Department of Educational Psychology


Date of this Version



Encyclopedia of Cross-Cultural School Psychology, p. 226-229. Springer, 2010.


Copyright 2010, Springer, Used by permission.


Cognitive Behavioral Therapy (CBT) is a form of psychotherapy that focuses on the role of cognition in the expression of emotions and behaviors. CBT assumes that maladaptive feelings and behaviors develop through cognitive processes which evolve from interactions with others and experiences in the environment. The goal of therapy is to identify the maladaptive cognitive process and to learn new ways of perceiving and thinking about events. These new ways of thinking will lead to more positive behavioral and emotional responses.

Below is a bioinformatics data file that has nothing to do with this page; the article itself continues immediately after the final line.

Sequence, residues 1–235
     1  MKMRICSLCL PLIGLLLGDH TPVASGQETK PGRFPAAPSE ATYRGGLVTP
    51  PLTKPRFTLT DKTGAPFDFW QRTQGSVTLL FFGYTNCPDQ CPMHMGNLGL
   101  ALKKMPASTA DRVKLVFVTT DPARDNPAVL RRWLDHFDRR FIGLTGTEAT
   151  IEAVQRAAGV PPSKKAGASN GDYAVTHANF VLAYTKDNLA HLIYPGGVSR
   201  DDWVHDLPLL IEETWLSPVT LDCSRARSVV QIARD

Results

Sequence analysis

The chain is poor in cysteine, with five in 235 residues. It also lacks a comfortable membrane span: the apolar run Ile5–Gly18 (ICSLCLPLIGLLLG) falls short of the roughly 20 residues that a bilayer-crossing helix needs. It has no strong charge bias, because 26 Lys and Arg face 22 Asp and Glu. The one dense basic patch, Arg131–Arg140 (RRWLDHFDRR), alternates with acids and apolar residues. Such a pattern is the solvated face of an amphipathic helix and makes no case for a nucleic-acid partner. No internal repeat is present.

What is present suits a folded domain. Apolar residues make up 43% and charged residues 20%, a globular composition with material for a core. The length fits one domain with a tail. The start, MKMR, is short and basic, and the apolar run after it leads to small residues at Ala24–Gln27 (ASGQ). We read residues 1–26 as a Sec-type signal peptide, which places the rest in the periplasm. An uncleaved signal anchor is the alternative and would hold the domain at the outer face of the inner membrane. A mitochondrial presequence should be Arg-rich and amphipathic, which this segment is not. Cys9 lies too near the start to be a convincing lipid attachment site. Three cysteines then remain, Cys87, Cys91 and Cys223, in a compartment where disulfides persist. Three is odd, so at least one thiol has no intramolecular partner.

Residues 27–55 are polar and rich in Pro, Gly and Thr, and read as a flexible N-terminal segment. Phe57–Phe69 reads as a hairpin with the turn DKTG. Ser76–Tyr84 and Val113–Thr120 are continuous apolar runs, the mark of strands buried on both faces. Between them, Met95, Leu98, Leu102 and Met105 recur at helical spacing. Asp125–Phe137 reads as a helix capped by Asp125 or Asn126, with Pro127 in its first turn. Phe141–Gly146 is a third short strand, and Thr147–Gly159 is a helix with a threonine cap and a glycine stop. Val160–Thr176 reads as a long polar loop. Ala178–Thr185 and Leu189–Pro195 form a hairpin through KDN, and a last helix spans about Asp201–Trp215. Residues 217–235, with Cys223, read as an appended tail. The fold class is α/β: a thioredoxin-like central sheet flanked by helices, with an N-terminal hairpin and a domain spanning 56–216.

CBT has rapidly increased in popularity over the last forty years. It enjoys strong empirical support, and the body of research into its efficacy is expanding with each passing year. Given symmetry between the time limited nature of CBT and the demands of cost containment and managed care, this growth seems likely to continue.

Also covers the history, applications, and principles of CBT.